You are on page 1of 1

Exporter currency ri sk

Economic P&L's
By j effrey Wall ace
Greenwich Treasury Advisors
For those companies who want to pro-
tect and maximize their consolidated
US dollar P&l on both an economic
and reported basis, the answer is
clear: move to US dollar functional
currency, especially for foreign sub-
sidiaries that are worldwide exporters.
Mul ti nationa l s w i t h fo rei gn sub-
sidiari es that are worldw ide exporters
with multi currency revenues have a
major strategic issue: how to manage
each exporter's resul ts in the currency
that max imi zes parent shareholder
wealth. Or to restate it in operational
terms, are parent shareholders better
off if local management is compensat-
ed for max imizing their P&L in local
currency or parent currency terms?
Whil e most companies manage t heir
fo rei gn wor ldw ide ex po rt er s o n a
local currency basis, there is littl e eco-
nomic j ustificati on for it. By parochi al-
l y maximi zing the l oca l c urrency
results of multicurrency revenues (and
often multi currency expenses), local
manage ment effecti ve l y av oi ds
responsi bili ty for the most important
FX exposure it has: t he local exposure
against the parent's currency. Having
local management focus on local cur-
rency resul ts, moreover, abdi cates a
major responsibility to the parent trea-
sury, w hi c h may be t housa nd s of
mil es and several time :zones away.
By comparison, an export operati on
in th e parent country with forei gn-
sourced components and t he sa me
multi currency revenues would be
managed in th e c urr ency of t he
parent- with littl e argument. Yet, in
both these situat ions, the cross-curren-
cy ri sks to the parent shareholders are
the same.
Why should FX management di ffer
by locati on if the exposure does not ?
Internat ional Treasurer/ September 19, 1994
Professional Guidance: Currency Management
In the case of foreign export subs, par-
ent shareholders are clearl y better off
i f t he mul t i curre ncy rev enues and
expenses are managed locall y to max-
imi ze pare nt c urrency r es ul ts .
Otherwise, local currency results are
maximized and then managed (or not
managed, as the case may be) a sec-
ond time into the parent currency by
treasury at headquarters.
Why, then, are U.S. multinational s
at l east, subopt imi z ing their share-
holder wealth ? There are two strong
factors favoring local currency maxi-
mi zati on: local management and FAS
52's definiti on of functional currency.
Local management bias
With a local currency expense base, it
is understandable why local manage-
ment wants to max imi ze local curren-
cy results. After all , it is one less cur-
rency risk to manage. Bonu ses are
hard enough these days without mak-
ing it any more di fficult.
Also, if local subsidi ary management
is reall y local, then there can be emo-
t ional reasons for favoring the local
currency. In additi on, there are real,
but not insurmountabl e, techni cal dif-
f i culti es in managi ng l ocal currency
cash flows when the FX hedges con-
vert the operat ing f lows to the parent
However, if there were any validity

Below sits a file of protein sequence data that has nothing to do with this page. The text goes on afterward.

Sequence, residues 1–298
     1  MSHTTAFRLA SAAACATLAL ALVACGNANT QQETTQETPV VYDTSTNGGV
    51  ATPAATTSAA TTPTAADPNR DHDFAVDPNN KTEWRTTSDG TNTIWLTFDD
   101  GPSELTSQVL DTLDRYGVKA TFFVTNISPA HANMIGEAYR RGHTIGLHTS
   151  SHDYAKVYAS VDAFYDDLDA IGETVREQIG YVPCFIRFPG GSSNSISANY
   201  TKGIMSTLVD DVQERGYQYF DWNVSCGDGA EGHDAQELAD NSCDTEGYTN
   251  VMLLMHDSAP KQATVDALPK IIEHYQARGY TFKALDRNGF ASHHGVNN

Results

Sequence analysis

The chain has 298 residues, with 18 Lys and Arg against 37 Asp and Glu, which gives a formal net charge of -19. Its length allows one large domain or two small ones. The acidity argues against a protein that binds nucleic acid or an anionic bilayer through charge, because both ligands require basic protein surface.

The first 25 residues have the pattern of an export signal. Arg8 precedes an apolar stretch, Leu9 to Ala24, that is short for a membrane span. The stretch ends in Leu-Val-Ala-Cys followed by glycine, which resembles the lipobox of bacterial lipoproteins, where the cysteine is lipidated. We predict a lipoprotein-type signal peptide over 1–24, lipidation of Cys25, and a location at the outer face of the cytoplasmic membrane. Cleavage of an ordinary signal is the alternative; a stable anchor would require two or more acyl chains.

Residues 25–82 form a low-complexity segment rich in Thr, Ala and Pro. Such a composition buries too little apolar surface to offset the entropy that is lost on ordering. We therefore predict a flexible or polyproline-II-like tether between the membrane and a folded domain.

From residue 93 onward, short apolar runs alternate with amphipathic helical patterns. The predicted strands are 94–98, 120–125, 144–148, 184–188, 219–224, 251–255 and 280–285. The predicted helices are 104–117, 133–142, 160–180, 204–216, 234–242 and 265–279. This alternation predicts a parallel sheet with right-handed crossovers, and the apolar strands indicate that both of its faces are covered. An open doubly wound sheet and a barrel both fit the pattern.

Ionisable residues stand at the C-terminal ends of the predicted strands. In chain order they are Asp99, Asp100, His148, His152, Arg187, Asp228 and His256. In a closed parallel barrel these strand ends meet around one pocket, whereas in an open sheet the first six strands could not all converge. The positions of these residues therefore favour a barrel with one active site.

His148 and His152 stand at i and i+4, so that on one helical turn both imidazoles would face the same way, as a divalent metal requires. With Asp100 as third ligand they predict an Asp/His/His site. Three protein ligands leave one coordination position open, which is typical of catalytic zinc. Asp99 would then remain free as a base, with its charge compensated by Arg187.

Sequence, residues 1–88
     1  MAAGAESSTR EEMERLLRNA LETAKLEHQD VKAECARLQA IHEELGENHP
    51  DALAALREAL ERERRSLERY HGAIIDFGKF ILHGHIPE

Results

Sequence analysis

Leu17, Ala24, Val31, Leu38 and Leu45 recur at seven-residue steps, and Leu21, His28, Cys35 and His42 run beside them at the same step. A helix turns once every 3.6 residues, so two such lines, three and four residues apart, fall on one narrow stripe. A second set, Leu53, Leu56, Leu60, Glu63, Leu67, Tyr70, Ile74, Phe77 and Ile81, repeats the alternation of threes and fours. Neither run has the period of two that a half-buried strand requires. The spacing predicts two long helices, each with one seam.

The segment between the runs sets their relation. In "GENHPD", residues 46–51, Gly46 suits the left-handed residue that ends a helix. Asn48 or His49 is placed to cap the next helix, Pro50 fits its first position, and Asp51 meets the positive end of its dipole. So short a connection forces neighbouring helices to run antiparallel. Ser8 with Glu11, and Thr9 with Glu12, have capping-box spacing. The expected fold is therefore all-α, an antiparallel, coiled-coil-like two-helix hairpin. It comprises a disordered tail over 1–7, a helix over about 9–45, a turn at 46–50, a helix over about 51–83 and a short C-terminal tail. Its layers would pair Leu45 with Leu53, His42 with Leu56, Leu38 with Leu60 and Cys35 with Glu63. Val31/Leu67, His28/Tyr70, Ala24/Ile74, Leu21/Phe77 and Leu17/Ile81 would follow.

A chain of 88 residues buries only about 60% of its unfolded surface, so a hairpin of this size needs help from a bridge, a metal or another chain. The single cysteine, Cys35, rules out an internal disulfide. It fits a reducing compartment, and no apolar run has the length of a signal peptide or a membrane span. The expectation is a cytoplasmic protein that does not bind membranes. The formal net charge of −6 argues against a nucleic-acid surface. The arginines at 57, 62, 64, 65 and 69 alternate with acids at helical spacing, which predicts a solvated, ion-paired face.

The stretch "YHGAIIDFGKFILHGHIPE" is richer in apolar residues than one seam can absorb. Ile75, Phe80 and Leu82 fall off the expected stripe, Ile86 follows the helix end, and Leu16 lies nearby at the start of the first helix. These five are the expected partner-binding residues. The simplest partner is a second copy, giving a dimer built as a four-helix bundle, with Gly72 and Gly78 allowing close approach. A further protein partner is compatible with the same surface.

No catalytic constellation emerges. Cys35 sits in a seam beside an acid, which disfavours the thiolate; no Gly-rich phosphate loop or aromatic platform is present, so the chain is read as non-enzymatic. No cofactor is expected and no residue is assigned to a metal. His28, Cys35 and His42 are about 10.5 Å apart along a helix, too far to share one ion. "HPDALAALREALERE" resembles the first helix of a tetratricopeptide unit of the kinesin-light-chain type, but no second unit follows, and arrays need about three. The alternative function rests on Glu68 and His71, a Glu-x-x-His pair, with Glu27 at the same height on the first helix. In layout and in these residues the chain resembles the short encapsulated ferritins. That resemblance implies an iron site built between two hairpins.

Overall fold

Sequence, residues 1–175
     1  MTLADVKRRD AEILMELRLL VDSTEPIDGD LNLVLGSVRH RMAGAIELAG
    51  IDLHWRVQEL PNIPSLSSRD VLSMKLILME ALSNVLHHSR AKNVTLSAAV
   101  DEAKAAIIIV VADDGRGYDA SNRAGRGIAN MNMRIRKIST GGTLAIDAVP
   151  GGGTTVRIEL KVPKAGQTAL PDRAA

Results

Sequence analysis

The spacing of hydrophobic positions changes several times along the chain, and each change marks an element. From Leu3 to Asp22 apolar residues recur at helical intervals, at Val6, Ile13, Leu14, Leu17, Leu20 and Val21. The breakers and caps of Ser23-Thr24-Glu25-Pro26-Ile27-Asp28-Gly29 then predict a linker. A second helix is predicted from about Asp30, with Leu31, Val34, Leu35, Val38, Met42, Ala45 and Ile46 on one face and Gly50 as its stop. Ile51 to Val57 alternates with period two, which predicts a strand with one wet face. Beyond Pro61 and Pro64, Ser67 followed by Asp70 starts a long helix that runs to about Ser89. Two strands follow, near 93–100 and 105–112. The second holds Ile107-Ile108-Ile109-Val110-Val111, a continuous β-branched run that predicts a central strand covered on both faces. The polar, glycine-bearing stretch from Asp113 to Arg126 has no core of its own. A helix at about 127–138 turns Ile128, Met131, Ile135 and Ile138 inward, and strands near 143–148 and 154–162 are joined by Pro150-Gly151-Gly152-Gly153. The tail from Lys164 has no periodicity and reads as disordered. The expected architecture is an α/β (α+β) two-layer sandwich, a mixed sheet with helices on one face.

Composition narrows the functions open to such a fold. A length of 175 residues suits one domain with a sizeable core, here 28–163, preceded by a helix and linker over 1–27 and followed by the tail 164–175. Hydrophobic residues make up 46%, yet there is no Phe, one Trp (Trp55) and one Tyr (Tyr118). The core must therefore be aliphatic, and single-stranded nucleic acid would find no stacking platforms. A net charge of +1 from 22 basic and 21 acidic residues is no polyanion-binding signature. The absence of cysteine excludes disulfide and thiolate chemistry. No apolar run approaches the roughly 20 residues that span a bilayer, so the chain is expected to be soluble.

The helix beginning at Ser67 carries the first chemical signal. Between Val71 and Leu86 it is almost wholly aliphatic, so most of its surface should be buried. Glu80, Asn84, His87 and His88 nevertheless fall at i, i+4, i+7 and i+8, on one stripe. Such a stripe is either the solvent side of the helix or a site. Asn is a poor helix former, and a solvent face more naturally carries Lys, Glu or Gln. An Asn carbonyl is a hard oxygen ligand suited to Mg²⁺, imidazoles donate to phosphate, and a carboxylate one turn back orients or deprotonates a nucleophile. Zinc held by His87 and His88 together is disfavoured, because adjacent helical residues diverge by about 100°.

to the supposed probl ems created by
managing on a US doll ar functi onal
currency basis, they are beli ed by the
experi ence of many multinational s
successfull y operating on thi s basis for
over a decade in hyperinf l ati onary
In add iti on, there i s the successful
experi ence of suc h we ll - respected
compan ies as Al coa , Amoco ,
Chevron, Compaq, Du Pont, Eastman
Kodak, Motorola, and Rohm & Haas.
All of these compani es use US doll ar
functi onal currency for all or most of
their foreign subsidi ari es that are not
operating in hyper infl at ionary env i-
ronments (thi s is according to the New
Yor k Uni vers it y Sal omon Cent er,
1993) .
GAAP considerations
Loca l management's l ocal currency
favo riti sm i s co mpounded by t he
account ing. Many compani es auto-
mati cally made the local currency the
functional currency when they impl e-
mented FAS 52 in 1982. However, as
Ro bert Herz and Bob Bh ave of
Coopers & Lybrand expl ained in the
l ast i ssue of International Treasurer
("The Currency to Hedge" , September
5, 1994), P&L hedging by the parent
treasury is awkward because hedge
accounting treatment is avail able for
hedging into the f uncti onal currency
but not into the parent's currency.
Thu s, any parent currency hedges
must be marked quarterly, increasing
reported P&L volatility.
Parent senior management
For compani es who beli eve that maxi-
mi zing their hedged US doll ar P&L is
more important than maximi zing their
unhedged l ocal currency P&Ls, the
onl y feas ibl e solution is to change to
US doll ar f unct ional currency. Thi s
achi eves the ri ght hedge accounting
treatment for the FX hedges necessary
to do this. Becoming US doll ar func-
ti onal is parti cul arl y appropri ate for
worldw ide exporters f or the reasons
argued above.
In-house accountants may argue that
changing to US doll ar functi onal cur-
rency will be di fficult to justify to the
aud i t ors- that it i s not " GAAP. "
However, in my experience, auditors
all ow tremendous latitude in interpret-
ing how FAS 52 is actually appli ed.
If seni or management is trul y con-
vinced that economi cally their share-
holders' returns are better maximi zed
by managing the foreign subs on a US
doll ar bas is and have an active US
doll ar hedging program, there are few
auditors who w ill not agree to US dol-
lar functi onal currency. After all , the
auditors down the street w ill gl adl y
take over the engagement.
Mr. Wallace is reached at (203) 53 7-0835.